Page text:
the only real suprise is that mapping chromatic to diatonic numbers can actually be done by just truncating floating the point results. ("/7")
the rest is ... just ... how transposition and modes work.
to make Cmajor into C# major you add +1 to every value.
to change the modality you declare another key to be the root but leave the diatonic scale of C major as is. make A the root of a C major scale and voila, welcome to a minor scale.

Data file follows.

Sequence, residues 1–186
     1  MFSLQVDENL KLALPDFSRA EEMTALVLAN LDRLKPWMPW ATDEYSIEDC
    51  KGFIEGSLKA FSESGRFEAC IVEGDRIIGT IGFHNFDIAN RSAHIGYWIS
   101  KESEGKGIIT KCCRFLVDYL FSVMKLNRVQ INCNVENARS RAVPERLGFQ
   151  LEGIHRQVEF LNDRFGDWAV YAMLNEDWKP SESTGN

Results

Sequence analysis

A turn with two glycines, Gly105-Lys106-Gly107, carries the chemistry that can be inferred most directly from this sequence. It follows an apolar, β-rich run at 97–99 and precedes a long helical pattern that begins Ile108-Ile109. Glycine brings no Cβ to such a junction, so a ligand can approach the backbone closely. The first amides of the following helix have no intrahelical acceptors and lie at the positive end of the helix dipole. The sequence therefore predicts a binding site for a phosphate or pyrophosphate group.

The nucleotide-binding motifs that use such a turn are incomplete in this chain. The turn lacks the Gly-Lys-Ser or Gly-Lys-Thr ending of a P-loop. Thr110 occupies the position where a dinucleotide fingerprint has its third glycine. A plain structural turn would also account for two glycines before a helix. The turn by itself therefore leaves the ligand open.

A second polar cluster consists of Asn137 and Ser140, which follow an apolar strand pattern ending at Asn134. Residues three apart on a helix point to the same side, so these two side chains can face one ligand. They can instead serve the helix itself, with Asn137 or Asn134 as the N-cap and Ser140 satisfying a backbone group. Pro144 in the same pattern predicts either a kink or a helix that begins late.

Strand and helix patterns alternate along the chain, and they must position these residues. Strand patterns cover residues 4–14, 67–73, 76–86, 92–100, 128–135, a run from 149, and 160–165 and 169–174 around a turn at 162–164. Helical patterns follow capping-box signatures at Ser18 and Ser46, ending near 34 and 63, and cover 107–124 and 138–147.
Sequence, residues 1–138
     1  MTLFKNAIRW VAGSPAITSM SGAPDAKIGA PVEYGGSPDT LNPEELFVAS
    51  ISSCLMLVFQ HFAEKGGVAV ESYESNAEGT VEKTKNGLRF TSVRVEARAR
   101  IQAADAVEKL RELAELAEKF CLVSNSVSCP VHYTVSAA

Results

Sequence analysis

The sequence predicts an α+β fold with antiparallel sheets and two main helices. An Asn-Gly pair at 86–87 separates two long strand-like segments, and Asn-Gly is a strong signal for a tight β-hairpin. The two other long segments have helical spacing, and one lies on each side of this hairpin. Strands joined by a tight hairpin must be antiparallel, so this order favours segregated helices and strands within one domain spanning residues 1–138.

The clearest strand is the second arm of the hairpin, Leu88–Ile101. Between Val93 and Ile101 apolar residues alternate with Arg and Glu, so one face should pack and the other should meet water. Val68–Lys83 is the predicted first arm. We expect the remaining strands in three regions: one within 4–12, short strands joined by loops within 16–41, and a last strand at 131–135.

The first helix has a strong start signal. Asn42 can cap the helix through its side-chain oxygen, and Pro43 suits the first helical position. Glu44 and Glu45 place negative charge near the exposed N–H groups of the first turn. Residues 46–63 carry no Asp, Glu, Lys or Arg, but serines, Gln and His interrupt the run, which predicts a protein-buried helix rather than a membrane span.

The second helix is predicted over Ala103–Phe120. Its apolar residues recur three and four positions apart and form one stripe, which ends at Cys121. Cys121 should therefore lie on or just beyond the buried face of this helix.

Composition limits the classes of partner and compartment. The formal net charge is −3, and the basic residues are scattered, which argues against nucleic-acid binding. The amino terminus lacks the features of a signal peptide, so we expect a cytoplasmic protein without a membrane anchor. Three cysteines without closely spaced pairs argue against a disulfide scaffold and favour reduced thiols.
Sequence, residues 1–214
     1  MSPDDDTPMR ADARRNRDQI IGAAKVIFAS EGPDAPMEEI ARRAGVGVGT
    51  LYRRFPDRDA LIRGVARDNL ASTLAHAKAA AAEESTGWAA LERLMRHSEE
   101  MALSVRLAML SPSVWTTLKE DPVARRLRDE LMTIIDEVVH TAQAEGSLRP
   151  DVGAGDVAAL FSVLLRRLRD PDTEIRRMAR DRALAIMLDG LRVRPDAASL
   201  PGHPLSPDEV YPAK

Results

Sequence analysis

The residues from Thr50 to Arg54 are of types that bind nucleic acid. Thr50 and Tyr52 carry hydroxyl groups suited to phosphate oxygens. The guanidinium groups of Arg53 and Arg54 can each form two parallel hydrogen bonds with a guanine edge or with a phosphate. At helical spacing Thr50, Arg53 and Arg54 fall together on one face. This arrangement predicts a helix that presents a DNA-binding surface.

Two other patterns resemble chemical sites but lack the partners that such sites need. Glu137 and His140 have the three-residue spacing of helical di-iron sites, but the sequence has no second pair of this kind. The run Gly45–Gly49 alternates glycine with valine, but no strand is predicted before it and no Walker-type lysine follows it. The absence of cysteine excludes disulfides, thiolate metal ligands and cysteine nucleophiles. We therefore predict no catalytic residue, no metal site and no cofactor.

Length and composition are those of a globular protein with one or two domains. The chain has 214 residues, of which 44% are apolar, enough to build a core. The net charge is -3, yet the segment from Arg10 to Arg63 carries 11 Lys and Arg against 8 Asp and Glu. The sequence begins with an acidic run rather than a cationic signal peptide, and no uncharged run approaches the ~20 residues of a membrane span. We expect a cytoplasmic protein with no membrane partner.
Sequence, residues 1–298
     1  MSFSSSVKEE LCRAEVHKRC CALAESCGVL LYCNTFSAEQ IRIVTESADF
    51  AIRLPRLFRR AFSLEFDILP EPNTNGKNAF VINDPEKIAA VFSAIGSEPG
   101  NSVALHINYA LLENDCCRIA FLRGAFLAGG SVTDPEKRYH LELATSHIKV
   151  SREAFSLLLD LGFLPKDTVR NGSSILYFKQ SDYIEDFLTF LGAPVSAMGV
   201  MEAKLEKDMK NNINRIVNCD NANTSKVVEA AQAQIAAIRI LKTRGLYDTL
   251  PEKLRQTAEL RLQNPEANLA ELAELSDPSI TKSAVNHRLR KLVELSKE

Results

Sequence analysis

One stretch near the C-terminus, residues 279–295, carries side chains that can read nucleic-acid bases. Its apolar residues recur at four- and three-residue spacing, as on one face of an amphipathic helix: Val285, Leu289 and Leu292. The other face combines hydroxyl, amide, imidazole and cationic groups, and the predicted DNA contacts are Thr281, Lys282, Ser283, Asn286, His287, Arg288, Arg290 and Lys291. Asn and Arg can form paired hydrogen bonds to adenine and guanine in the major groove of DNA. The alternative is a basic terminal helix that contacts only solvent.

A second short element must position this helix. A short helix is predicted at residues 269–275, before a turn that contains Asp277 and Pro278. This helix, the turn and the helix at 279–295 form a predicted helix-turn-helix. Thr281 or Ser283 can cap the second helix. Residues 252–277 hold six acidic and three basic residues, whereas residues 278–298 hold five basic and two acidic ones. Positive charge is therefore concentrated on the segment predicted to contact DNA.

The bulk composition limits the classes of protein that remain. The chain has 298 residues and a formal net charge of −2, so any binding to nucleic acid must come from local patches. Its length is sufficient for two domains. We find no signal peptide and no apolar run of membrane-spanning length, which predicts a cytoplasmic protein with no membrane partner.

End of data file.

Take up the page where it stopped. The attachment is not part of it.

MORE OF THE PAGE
yes, you could do it with 14 instead of 12, if you like. but the result will not be what you expect, because the math trick contained in the /7 thing only "works" with halftones represented by integer values.
"regular" minor is 7 halftones out of 12 key per octave, in their 6th mode.
you can also take 7 out of 14, or 5 out of 29, and shift it into some alternate mode, but i am not sure it makes much sense to call it "minor" anymore. :)
(btw the "church modes" p.c. is talking above are usually to be played in just scales (except on the piano or smaller organs); this also doesnt make much sense with divisions other than 12, because you had to invent your own standard for it.)